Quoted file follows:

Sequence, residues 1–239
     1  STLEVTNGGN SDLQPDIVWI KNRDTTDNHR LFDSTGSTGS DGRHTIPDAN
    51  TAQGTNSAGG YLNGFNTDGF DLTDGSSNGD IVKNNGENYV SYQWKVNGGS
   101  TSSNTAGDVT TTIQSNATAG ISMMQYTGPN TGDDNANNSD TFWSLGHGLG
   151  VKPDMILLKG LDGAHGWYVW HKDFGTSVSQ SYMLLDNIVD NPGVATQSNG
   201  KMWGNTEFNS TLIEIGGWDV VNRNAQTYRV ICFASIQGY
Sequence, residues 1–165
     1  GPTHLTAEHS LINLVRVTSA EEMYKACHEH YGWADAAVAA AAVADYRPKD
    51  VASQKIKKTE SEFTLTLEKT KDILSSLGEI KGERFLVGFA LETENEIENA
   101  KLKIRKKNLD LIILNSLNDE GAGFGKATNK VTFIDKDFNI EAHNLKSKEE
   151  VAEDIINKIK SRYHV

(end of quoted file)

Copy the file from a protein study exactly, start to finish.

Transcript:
Sequence, residues 1–239
     1  STLEVTNGGN SDLQPDIVWI KNRDTTDNHR LFDSTGSTGS DGRHTIPDAN
    51  TAQGTNSAGG YLNGFNTDGF DLTDGSSNGD IVKNNGENYV SYQWKVNGGS
   101  TSSNTAGDVT TTIQSNATAG ISMMQYTGPN TGDDNANNSD TFWSLGHGLG
   151  VKPDMILLKG LDGAHGWYVW HKDFGTSVSQ SYMLLDNIVD NPGVATQSNG
   201  KMWGNTEFNS TLIEIGGWDV VNRNAQTYRV ICFASIQGY
Sequence, residues 1–165
     1  GPTHLTAEHS LINLVRVTSA EEMYKACHEH YGWADAAVAA AAVADYRPKD
    51  VASQKIKKTE SEFTLTLEKT KDILSSLGEI KGERFLVGFA LETENEIENA
   101  KLKIRKKNLD LIILNSLNDE GAGFGKATNK VTFIDKDFNI EAHNLKSKEE
   151  VAEDIINKIK SRYHV